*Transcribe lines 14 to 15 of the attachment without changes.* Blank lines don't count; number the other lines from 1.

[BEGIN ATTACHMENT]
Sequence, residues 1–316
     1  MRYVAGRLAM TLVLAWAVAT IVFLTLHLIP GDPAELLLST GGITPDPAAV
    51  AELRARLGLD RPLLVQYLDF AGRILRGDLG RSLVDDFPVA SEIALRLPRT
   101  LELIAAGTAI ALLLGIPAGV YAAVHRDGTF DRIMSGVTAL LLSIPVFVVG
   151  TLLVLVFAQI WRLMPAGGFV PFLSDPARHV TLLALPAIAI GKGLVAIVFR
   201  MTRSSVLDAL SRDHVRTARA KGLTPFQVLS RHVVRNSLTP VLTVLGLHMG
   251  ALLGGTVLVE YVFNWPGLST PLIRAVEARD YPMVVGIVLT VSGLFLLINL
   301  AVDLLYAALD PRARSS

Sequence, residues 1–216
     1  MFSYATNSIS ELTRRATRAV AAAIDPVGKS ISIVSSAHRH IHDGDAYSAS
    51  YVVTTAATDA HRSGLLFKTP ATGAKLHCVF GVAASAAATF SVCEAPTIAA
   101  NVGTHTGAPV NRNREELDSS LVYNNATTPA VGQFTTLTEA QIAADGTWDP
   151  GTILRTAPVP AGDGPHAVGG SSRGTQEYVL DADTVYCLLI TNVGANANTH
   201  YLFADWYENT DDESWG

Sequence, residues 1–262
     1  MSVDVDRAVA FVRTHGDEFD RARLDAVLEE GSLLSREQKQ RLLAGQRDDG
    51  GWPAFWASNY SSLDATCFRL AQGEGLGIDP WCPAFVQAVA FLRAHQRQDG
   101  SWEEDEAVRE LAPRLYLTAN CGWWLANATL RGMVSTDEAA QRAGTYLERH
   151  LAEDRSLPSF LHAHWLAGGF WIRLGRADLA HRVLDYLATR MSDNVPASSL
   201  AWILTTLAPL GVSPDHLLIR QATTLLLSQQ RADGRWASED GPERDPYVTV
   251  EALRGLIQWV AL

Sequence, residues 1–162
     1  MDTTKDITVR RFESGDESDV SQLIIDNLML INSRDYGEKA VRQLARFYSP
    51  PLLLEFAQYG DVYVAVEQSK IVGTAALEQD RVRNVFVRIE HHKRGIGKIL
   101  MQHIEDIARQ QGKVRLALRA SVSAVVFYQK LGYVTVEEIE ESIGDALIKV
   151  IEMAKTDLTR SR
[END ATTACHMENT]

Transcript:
   201  YLFADWYENT DDESWG

Sequence, residues 1–262